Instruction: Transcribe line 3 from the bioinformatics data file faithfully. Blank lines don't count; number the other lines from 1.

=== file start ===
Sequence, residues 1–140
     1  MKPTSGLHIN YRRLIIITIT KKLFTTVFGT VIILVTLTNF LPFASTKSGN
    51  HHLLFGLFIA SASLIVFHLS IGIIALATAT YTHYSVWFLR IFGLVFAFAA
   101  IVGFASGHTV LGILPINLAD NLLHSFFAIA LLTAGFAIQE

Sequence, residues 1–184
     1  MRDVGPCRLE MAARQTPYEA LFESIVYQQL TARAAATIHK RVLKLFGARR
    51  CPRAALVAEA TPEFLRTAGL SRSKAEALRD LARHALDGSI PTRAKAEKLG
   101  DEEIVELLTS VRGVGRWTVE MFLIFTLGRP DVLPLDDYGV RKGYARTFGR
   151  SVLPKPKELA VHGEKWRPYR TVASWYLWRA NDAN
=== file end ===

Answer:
    51  HHLLFGLFIA SASLIVFHLS IGIIALATAT YTHYSVWFLR IFGLVFAFAA